In Macedonia, the figures should help determine the make-up of the delicate power-sharing balance in place since the country narrowly avoided civil war in 2001 in fighting between government forces and ethnic Albanian guerrillas seeking greater rights.
In Kosovo earlier in the year, the census process was marred by a partial boycott by Serbs who reject the majority Albanian country’s 2008 declaration of independence from Serbia.
In Serbia, most ethnic Albanians in the south -- where Western diplomacy also helped end an insurgency in 2001 -- refused to take part in protest at the lack of Albanian-language questionnaires.
And in Bosnia, where ethnic coexistence under Tito’s socialist Yugoslavia collapsed in war in 1992-95, Muslim, Serb and Croat communities have been unable to agree on how to hold their own count.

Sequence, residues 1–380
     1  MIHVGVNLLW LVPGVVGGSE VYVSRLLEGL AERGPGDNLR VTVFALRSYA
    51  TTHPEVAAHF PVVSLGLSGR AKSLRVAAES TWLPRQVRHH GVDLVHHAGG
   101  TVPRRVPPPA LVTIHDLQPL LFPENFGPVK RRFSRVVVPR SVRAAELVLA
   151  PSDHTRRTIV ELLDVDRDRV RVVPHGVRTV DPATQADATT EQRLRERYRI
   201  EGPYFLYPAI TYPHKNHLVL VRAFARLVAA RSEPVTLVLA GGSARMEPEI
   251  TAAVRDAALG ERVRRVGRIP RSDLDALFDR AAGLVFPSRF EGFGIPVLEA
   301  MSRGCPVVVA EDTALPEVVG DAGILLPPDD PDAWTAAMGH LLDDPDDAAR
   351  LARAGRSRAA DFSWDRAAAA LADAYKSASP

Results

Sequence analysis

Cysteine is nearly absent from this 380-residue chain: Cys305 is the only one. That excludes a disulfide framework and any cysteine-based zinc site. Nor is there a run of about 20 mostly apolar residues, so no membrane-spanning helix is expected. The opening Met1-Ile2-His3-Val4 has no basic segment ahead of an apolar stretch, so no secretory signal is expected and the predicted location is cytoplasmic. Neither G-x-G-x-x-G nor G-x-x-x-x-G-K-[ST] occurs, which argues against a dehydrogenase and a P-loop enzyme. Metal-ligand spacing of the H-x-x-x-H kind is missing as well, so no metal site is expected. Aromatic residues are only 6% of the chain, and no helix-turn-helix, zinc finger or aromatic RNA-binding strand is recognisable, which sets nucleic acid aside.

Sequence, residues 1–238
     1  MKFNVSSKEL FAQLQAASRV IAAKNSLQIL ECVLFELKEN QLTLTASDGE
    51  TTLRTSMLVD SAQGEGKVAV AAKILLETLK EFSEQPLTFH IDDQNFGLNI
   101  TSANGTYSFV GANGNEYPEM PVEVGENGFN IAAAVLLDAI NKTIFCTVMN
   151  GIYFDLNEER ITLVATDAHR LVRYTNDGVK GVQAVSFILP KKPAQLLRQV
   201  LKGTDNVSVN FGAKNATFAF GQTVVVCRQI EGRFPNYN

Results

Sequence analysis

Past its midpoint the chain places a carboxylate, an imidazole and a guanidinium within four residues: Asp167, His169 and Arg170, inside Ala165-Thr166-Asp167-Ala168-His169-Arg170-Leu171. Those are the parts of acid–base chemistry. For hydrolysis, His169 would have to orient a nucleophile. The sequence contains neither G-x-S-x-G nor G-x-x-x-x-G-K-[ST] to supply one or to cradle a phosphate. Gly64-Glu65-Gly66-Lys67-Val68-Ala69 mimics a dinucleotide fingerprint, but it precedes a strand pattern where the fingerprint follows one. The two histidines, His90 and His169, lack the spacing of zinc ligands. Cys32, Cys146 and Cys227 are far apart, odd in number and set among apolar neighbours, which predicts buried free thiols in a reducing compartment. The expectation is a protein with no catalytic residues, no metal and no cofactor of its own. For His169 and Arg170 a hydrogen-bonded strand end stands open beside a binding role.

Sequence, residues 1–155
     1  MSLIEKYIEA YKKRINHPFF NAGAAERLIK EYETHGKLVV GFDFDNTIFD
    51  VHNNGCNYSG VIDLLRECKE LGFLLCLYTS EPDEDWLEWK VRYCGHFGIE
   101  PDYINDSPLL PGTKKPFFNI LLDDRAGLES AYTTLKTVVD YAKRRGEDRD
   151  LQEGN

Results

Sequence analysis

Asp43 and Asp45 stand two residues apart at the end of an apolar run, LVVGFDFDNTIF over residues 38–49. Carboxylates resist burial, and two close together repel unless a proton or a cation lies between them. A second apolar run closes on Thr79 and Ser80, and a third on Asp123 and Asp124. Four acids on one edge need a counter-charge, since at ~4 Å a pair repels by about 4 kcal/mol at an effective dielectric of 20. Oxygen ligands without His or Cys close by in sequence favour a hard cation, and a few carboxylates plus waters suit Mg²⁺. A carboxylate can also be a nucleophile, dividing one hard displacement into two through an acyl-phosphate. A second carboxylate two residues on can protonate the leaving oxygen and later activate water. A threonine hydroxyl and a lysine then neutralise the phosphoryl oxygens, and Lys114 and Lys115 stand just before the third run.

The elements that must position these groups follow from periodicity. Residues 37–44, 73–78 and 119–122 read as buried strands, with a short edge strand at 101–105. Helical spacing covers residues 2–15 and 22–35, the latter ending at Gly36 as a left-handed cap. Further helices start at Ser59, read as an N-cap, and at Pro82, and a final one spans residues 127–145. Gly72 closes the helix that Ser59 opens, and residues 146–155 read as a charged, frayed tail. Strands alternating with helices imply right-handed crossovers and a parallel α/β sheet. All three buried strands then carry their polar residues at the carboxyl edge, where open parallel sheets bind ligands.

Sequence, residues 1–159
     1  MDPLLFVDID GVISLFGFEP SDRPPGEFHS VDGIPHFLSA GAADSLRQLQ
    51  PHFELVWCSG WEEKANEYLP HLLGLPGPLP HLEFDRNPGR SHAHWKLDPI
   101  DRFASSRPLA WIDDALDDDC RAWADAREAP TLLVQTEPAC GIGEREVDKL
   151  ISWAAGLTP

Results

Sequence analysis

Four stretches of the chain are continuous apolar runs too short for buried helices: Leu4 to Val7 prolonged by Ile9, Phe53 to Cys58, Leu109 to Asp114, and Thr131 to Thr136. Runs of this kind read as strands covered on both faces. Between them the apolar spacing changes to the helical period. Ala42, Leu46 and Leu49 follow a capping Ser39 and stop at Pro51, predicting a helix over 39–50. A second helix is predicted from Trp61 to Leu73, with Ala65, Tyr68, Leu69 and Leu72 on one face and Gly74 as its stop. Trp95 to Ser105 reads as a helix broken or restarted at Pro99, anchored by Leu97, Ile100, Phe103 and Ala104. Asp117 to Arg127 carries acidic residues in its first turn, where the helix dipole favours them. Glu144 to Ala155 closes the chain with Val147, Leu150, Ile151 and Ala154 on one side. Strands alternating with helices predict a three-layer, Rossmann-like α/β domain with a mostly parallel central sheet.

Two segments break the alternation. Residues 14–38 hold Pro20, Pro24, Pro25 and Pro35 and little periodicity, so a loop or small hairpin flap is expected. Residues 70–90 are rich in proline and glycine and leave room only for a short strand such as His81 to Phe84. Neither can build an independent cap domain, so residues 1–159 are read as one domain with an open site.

Bosnia’s last census was in 1991, before the war killed an estimated 100,000 people and displaced around 2 million.
A new count could have ramifications for the unwieldy, highly decentralized system of ethnic power-sharing enshrined in the 1995 Dayton peace accords.
In Albania, ethnicity was taboo under the Stalinist regime of Enver Hoxha.
Now, nationalist critics are up in arms at efforts to provide an accurate picture of Albania’s ethnic breakdown, seeing a plot to weaken the state.
Others argue the records are being manipulated by some Albanians trying to gain special benefits or a way to leave Albania for EU member Greece. Albania and Greece have long disagreed on the size of Albania’s ethnic Greek population.
“Some artificial Greek minority is going to ask for special status, maybe for a percentage in parliament or government,” said Kreshnik Spahiu, deputy head of Albania’s Higher Council of Justice, a body chaired by President Bamir Topi to monitor the judiciary.
Spahiu is leader of the Red and Black Alliance, a movement founded by soccer fans and which takes its name from the colors of the Albanian national flag.